(-4, 2)

This implies that in a given set of real numbers, such as the interval between negative four and two, those two values are excluded.

On the number line, an unshaded circle denotes an open value.


A closed interval is the contrary of the last type of interval. Where the open interval does exclude the values mentioned, a closed interval does. In text form, a closed interval is expressed as any value “greater than or equal to” or “less than or equal to.”

For example, if the previous example was a closed interval, it would read, “x is greater than or equal to negative four and less than or equal to two.”

In an inequality notation, this would be written as {x | -4 < x < 2}.

In an interval notation, this is written with brackets, or [-4, 2]. This means that the interval includes those two boundary values: -4 and 2.

On the number line, a shaded circle is utilized to describe an included open value.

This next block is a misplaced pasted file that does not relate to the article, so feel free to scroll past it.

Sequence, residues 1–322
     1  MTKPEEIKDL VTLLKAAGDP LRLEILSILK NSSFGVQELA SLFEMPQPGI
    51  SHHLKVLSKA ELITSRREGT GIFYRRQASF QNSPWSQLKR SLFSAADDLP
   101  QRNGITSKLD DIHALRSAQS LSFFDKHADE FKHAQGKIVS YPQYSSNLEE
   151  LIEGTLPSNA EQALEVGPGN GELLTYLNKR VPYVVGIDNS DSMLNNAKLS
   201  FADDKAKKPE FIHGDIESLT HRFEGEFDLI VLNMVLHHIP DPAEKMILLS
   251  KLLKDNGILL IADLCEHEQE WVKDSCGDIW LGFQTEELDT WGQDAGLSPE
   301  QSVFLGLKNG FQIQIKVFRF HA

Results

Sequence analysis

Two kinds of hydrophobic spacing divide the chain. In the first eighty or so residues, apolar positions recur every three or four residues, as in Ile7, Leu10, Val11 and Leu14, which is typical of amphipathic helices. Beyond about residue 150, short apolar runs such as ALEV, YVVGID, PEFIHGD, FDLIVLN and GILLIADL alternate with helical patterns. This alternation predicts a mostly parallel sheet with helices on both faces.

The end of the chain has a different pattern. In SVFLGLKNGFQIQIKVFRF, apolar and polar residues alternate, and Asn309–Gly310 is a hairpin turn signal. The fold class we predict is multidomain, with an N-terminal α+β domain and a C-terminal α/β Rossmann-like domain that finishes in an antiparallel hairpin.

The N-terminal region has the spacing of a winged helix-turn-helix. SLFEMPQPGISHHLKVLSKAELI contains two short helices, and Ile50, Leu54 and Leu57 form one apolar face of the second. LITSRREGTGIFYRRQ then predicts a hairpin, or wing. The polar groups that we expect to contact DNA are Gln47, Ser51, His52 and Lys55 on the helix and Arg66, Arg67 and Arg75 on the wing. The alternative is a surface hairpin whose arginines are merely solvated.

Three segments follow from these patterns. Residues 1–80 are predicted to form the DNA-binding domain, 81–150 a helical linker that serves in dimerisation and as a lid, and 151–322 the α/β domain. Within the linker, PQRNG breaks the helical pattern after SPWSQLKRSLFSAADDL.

A half-open interval is a blend of previous types of intervals. Of the two points on the line, one is included, and the other isn’t.

Using the last example for assistance, if the interval were half-open, it would read as “x is greater than or equal to negative four and less than two.” This means that x could be the value negative four but couldn’t possibly be equal to the value two.

In an inequality notation, this would be denoted as {x | -4 < x < 2}.

A half-open interval notation is written with both a bracket and a parenthesis, or [-4, 2).

On the number line, the shaded circle denotes the number included in the interval, and the unshaded circle denotes the value which are not included from the subset.

Symbols for Interval Notation and Types of Intervals

To summarize, there are different types of interval notations; open, closed, and half-open. An open interval doesn’t include the endpoints on the real number line, while a closed interval does. A half-open interval includes one value on the line but excludes the other value.

As seen in the examples above, there are numerous symbols for these types under the interval notation.

These symbols build the actual interval notation you develop when plotting points on a number line.

  • ( ): The parentheses are used when the interval is open, or when the two endpoints on the number line are excluded from the subset.

  • [ ]: The square brackets are employed when the interval is closed, or when the two points on the number line are included in the subset of real numbers.